How do you feel when you hear Vivaldi

A catchy tune from Italy - Antonio Vivaldi: "Le quattro stagioni"

  • Good evening

    The new recording is a purely chamber music recording

    with Sigiswald Kuijken and "La Petite Bande":

    A 1st and 2nd violin, viola, harpsichord and, as the only "string bass", a violoncello da Spalla ", a Schuldercello that is held horizontally in front of the chest or against the right shoulder.

    Greetings from the Palatinate

    Bernhard

  • Hello.

    I had recently heard the "Vier Jahreszeiten" on the radio with (I think) Janine Jansen and a small, almost chamber music line-up. I liked that quite a lot (at least the "summer" that was played). Does anyone know the recording?

    Greetings, l.

  • Original by lohengrins
    I had recently heard the "Vier Jahreszeiten" on the radio with (I think) Janine Jansen and a small, almost chamber music line-up. I liked that quite a lot (at least the "summer" that was played). Does anyone know the recording?

    Take a look above, on the first page of this thread.
    M. E. a rather boring recording, with an almost outrageous playing time (no additions). The recording received quite a lot of praise in a trade journal at the time. However, I am glad that I saved the money.

    My favorite interpretation is by far that of Anne-Sophie Mutter and the Trondheim Soloists. This recording is bursting with joy and is also played with a very small "orchestra". I can recommend this recording to anyone who is not generally set against occasionally a little extreme tempos.

  • Original by lohengrins
    Hello.

    I had recently heard the "Vier Jahreszeiten" on the radio with (I think) Janine Jansen and a small, almost chamber music line-up. I liked that quite a lot (at least the "summer" that was played). Does anyone know the recording?

    Greetings, l.

    Show all

    The recording is a family co-production and is now very popular. The work appears even more filigree due to the chamber music line-up.

    Kind regards, Siegfried

  • one of my favorites, together with the L'estro armonico cycle, the central Vivaldi par excellence ... I have this pizza in 4 recordings, with Jacques Loussier's currently my favorite.

  • Hello Hello!

    Paul? now also has the four seasons * - hihi

    on record, sensationally caught in my clutches - I'm a joy
    has been going up and down for 3 - 4 days
    I can't get bored

    oh yes - record like new - hehe - mostly like this with classic LPs
    (netneither because the owners are more careful or because no one is playing it )

    well - should be from a series: GREAT COMPOSERS and their music
    revised by Vittorio Negri
    Violin: Felix Ayo
    whoever they are

    I'll put the needle on again in a moment: beatnik:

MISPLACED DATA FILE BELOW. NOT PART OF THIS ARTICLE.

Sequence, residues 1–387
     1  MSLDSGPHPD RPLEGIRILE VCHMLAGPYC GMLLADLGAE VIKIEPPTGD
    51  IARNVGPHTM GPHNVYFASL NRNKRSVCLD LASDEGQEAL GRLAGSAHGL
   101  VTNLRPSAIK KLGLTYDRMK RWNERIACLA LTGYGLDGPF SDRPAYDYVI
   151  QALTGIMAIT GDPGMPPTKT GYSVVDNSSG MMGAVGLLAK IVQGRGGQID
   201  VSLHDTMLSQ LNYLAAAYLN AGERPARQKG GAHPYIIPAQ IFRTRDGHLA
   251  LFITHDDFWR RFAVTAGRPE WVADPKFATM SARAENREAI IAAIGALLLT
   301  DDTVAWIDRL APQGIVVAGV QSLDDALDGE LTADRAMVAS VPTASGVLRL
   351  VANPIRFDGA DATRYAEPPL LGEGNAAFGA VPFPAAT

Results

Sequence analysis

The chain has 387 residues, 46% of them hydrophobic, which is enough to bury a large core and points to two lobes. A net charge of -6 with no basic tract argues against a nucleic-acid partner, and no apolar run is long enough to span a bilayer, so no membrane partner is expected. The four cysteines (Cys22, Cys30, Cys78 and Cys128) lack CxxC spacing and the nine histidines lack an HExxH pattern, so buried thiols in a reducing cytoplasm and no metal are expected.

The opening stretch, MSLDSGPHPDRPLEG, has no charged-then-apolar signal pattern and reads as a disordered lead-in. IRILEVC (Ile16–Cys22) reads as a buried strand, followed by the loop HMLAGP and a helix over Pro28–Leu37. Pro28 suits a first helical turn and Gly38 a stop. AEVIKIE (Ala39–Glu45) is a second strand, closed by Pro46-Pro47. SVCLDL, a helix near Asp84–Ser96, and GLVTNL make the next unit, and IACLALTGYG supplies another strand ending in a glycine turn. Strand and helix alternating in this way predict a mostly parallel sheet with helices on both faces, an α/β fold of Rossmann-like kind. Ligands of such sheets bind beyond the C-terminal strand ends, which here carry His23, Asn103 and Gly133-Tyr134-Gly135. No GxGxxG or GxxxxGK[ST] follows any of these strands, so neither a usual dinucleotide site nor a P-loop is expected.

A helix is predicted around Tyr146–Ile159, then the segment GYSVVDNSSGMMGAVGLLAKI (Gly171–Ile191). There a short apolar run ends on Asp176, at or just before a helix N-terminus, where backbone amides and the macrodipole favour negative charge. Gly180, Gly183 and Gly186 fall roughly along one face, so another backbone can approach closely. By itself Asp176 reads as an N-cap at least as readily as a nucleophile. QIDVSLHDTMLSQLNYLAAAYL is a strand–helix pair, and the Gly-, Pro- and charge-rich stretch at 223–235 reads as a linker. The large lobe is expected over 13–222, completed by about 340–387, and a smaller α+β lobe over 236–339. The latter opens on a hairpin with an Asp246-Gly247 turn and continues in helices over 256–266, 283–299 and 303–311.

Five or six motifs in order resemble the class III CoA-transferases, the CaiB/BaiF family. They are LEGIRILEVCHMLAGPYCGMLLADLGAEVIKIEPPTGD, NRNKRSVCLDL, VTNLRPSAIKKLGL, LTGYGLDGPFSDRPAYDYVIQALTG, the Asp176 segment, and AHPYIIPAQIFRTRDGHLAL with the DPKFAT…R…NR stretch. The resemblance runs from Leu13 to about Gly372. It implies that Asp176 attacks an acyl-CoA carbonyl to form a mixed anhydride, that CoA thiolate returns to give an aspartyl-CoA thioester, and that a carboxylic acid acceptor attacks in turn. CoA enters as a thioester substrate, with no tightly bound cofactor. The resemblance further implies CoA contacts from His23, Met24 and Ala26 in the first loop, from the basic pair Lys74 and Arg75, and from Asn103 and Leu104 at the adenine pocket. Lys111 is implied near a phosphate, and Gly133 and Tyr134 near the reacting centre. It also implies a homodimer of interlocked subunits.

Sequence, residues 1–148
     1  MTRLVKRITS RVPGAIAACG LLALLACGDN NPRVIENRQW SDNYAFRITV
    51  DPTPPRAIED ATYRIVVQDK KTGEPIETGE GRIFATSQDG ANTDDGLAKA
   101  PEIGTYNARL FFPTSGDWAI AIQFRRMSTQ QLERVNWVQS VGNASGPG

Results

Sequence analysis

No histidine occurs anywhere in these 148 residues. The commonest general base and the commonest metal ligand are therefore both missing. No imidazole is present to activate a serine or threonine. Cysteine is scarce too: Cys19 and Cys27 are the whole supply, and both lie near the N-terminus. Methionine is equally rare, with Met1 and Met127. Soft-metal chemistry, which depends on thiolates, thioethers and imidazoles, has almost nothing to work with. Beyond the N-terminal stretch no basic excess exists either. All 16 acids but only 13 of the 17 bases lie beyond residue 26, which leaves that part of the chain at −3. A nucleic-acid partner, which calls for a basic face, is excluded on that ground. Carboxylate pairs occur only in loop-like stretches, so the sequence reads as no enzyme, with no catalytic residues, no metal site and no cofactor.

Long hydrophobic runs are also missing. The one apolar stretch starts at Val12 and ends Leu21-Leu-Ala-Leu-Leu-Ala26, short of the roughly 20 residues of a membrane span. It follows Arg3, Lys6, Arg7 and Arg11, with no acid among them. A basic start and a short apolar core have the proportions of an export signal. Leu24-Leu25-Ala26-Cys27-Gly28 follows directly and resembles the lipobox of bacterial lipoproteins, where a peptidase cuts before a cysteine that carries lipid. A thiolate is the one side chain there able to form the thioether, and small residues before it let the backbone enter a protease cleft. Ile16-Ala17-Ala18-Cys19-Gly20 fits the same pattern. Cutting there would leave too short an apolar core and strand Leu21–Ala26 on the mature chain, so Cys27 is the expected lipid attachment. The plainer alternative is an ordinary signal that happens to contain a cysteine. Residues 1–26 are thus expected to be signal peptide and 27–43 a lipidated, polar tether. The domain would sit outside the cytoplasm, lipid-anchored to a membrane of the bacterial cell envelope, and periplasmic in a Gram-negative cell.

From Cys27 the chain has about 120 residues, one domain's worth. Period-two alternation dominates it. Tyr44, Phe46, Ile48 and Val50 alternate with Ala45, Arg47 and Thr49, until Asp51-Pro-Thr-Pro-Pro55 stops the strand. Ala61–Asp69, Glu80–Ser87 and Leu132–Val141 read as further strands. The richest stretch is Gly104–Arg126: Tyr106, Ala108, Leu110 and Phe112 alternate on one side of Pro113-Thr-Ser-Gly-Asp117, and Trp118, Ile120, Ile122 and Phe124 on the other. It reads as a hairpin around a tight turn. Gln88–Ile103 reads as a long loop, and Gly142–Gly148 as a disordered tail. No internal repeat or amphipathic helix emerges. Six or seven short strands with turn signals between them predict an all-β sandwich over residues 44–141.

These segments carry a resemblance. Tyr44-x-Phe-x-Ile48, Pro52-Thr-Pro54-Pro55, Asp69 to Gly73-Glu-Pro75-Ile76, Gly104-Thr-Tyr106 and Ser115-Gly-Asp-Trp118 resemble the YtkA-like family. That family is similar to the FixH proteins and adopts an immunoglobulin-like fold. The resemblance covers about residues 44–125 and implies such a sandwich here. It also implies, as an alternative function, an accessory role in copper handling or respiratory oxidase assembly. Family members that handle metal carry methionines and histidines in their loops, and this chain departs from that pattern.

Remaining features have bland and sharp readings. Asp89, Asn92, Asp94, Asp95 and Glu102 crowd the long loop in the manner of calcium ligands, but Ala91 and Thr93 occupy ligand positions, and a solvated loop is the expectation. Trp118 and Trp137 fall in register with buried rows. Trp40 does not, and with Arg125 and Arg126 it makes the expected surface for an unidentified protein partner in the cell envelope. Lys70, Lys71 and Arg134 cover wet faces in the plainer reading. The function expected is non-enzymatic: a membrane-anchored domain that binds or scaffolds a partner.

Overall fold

LG Paul?

    * Le quattro stagioni - Vivaldi - hihi

  • After initial doubts, I bought it and found it to be quite good:


    The young lady can do something!

    2 more very good recordings, which contain the 4 seasons:

    Kind regards, Siegfried

  • Original by Siegfried
    After initial doubts, I bought it and found it to be quite good:


    The young lady can do something!

    And it looks good too!

    LG joschi

  • Andrew Manze, violin; Amsterdam Baroque Orchestra; Direction: Ton Koopman

    A calm and precise HIP recording that I like very much.

    There are still two oboe concerts included.

    Greetings, Wolfgang

    Better to pawn a bike than end up as a district administrator!

  • I have three versions of the 4 seasons:

    Mother / Karajan
    Kennedy the 1st
    Janine Jansen

    Mutter / Karajan was my first CD version, the LP with Marriner / St. Martins in the Fields, which I loved to listen to in the late 1970s, somehow got away.
    Muter / Karajan is widescreen Vivaldi and no longer my taste.

    Kennedy had to come here because of the hype about the recording at the time.
    Sometimes played blatantly "against the grain", I still like to play them nowadays.

    I think Jansen is good because the small line-up creates a transparency that is good for this music.
    I agree with Siegfried, the lady can do something!

    M-Müller makes me want to try Loussier too.
    Just don't let boredom arise:]

  • I own the recording with Viktoria Mullova and especially love the "winter". Just breathtaking!

    I know of another recording with Anne-Sophie Mutter that I don't like nearly as much.

    Mignon

    Maybe the nation has found peace from its sins ... I. A. a. W.E.B. You bois

  • Original from Mignon
    I know of another recording with Anne-Sophie Mutter that I don't like nearly as much.

    ... although it is more modern ...

    I bought it when it first appeared and found it neither impressive nor terrible;